ASCO 2018: Lutetium-177 PSMA617 Theranostics In Metastatic Castrate-Resistant Prostate Cancer: Interim Results of a Phase II Trial

Chicago, IL (  Lutetium-177 (177Lu)-PSMA617 (LuPSMA) is a small radiolabeled anti-prostate-specific membrane antigen (PSMA) monoclonal antibody which combines the precision of monoclonal antibodies with the anti-tumor effects of β radiation1. Prostate-specific membrane antigen (PSMA), also known as folate hydrolase I,  is restricted to the prostate membrane and overexpressed 100-1000 times in prostate cancer, and can be detected with RT-PCR assays in the blood, suggesting that this may be a marker of micro-metastatic disease2,3.  Lutetium-177 emits a very short range β particle as well as γ emission – this benefit allows for a lower dose of radiation exposure to the bone marrow which may help it be more tolerable with respect to myelotoxicity. The γ emission allows Lutetium-177 to be used as an imaging agent.

In a single center, phase II study published earlier this year, men with metastatic castration-resistant prostate cancer with confirmed high PSMA-expression on a screening PSMA scan were given four cycles of [¹⁷⁷Lu]-PSMA-617, at six weekly intervals3. The primary endpoint was PSA response. 30 (70%) of 43 patients screened were eligible for therapy. Almost all patients at least one prior line of chemotherapy (80% docetaxel and 47% cabazitaxel) as well as abiraterone, enzalutamide, or both (83%). This early phase II study showed high response rates (82%) with a very favorable AE profile. The most common grade 3 AE was lymphopenia (37%), followed by anemia (13%), thrombocytopenia (10%), neutropenia (7%), and pain (3%). 

UroToday ASCO2018 Lutetium 177 mCRPC

In this updated abstract, 50 patients have been enrolled with a median age of 71. Median PSA was 189.8. Most patients were ECOG 1 (44%) or 2 (16%). This final population was heavily pretreated (see table below). With the additional patients, AE profile remained consistent. Almost every patient had a PSA response with the majority of patients (62%) having >50% PSA decrease from baseline. At this time, median overall survival was 13.4 months. This is similar to the overall survival benefit documented in ALSYMPCA for radium-2234. However, that was a very different population without any visceral disease.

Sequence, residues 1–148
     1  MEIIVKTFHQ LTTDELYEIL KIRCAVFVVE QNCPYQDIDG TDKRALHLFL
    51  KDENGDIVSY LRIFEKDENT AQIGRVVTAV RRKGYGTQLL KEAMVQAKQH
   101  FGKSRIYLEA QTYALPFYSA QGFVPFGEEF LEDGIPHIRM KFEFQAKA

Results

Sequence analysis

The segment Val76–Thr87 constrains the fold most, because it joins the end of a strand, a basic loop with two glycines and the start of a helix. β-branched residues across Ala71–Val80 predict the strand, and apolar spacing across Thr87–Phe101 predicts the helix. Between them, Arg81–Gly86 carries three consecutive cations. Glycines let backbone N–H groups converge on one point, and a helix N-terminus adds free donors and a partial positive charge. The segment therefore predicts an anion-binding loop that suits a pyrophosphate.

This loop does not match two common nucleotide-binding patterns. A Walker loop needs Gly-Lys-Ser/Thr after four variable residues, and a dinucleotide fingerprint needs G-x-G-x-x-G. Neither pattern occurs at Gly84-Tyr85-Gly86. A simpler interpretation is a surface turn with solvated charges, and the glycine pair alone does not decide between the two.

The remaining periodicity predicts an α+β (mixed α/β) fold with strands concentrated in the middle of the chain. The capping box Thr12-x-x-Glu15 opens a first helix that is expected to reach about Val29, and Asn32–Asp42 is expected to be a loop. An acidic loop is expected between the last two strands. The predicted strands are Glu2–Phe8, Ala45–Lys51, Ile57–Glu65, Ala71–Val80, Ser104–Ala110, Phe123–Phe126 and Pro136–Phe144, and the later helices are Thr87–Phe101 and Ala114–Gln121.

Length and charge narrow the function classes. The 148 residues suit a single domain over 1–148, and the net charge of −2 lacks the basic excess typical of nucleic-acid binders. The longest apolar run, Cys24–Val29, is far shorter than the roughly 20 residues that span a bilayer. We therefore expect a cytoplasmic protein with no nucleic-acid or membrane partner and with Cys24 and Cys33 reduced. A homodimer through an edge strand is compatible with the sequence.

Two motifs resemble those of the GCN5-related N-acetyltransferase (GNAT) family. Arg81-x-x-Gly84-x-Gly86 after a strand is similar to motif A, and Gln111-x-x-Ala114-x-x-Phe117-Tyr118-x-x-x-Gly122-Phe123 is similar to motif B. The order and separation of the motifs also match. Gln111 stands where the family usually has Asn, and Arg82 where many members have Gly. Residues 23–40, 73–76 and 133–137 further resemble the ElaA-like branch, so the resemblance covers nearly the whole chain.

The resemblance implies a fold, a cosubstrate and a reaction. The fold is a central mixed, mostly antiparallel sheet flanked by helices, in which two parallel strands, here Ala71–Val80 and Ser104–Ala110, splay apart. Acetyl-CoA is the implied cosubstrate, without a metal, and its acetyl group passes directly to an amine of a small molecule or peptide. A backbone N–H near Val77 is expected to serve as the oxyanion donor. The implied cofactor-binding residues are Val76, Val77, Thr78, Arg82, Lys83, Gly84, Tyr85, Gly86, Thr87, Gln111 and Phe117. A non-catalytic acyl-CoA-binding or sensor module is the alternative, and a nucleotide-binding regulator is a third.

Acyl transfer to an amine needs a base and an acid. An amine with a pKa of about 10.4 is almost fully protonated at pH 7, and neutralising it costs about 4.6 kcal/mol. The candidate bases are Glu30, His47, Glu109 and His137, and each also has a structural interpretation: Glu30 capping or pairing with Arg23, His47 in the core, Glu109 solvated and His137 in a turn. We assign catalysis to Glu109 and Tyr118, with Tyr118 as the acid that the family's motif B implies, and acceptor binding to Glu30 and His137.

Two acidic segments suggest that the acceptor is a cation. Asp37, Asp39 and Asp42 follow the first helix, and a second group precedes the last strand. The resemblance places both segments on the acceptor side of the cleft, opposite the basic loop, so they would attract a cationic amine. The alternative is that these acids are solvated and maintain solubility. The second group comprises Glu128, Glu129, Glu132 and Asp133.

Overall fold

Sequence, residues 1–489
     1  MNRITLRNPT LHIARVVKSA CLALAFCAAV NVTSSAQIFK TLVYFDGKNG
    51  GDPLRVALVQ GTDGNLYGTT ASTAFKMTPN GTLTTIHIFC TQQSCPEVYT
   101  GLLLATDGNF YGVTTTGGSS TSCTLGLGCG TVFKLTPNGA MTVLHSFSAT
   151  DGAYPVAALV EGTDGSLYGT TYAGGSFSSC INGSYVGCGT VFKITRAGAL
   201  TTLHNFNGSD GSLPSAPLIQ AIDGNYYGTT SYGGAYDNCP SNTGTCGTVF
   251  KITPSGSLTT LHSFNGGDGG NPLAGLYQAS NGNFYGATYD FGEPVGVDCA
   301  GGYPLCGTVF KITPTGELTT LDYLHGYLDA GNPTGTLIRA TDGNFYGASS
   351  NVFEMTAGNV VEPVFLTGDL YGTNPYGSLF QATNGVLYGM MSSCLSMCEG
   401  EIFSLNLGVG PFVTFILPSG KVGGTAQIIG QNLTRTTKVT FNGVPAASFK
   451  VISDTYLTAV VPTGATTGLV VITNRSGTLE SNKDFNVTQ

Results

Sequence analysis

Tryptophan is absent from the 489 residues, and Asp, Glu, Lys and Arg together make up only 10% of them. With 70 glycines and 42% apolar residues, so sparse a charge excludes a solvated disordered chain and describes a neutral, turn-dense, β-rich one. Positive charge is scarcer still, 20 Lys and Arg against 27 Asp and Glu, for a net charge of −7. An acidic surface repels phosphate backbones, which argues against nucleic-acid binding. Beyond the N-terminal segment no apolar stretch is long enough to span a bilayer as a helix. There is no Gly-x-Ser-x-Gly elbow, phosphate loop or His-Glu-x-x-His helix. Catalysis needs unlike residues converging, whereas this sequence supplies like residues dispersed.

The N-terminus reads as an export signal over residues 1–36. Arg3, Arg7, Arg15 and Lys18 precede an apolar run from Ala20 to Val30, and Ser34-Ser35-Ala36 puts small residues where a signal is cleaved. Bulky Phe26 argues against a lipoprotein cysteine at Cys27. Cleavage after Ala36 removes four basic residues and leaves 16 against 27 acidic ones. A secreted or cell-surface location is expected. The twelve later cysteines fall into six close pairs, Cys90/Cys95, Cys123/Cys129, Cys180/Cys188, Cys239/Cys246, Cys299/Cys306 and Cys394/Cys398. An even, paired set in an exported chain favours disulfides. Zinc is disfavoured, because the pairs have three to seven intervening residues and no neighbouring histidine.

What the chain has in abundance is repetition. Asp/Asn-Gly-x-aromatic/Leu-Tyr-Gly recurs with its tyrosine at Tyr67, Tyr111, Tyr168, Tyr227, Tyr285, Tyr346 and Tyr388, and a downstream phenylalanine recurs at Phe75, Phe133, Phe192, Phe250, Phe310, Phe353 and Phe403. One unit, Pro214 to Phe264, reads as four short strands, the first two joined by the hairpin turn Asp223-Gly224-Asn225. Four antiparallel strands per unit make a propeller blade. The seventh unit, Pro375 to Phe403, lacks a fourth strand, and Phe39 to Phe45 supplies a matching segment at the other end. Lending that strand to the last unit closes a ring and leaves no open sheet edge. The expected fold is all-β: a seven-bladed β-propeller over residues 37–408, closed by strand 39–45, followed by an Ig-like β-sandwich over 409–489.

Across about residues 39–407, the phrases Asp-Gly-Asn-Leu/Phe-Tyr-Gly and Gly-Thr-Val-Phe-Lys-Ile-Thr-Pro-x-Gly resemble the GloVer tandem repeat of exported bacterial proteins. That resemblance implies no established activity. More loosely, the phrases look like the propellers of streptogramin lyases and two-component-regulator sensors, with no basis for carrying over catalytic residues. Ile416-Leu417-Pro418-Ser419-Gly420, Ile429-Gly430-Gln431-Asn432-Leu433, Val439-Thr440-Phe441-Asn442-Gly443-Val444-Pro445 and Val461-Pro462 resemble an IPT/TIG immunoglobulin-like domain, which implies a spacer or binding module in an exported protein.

In Germany, Heck and colleagues have reported similar success in a retrospective report of 100 consecutive patients treated with 177Lu-PSMA, with a median PSA-PFS of 3.4 months and median OS of 12.2 months5.

The compelling objective responses in this phase II study have led to a phase III clinical trial, VISION, which will compare patients receiving Lu-PSMA-617 plus best supportive care alone or in combination with a novel androgen axis drug compared to best supportive care alone. Another trial, ANZUP/PCFA TheraP trial will compare Lu-PSMA-617 with cabazitaxel.

One limitation of this therapy is the ability for widespread use for all patients, as patients with FDG positive sites that are without high PSMA expression were excluded. For future studies, it may be interesting to examine the role of Lu-PSMA-617 in that subpopulation to see if benefit still exists. 

1. Tagawa ST, Milowsky MI, Morris M, et al. Phase II Study of Lutetium-177–Labeled Anti-Prostate-Specific Membrane Antigen Monoclonal Antibody J591 for Metastatic Castration-Resistant Prostate Cancer. Clinical Cancer Research 2013;19:5182-91
2. R. FW, S. IR, D.W. HW. Prostate‐specific membrane antigen. The Prostate 1997;32:140-8
3. Hofman MS, Violet J, Hicks RJ, et al. [177Lu]-PSMA-617 radionuclide treatment in patients with metastatic castration-resistant prostate cancer (LuPSMA trial): a single-centre, single-arm, phase 2 study. The Lancet Oncology 2018;19:825-33.
4. Parker C, Nilsson S, Heinrich D, et al. Alpha Emitter Radium-223 and Survival in Metastatic Prostate Cancer. New England Journal of Medicine 2013;369:213-23.
5.Heck M, Schwaiger S, Knorr K, et al. Radioligand therapy with Lutetium 177-labeled PSMA-I&T for metastatic castration-resistant prostate cancer: Clinical experience with 100 consecutive patients. European Urology Supplements 2018;17:e874.

Presented by: Shahneen Kaur Sandhu, MD. Department of Medical Oncology, Peter MacCallum Cancer Centre, Australia

Written by: Jason Zhu, MD, Fellow, Division of Hematology and Oncology, Duke University, at the 2018 ASCO Annual Meeting - June 1-5, 2018 – Chicago, IL USA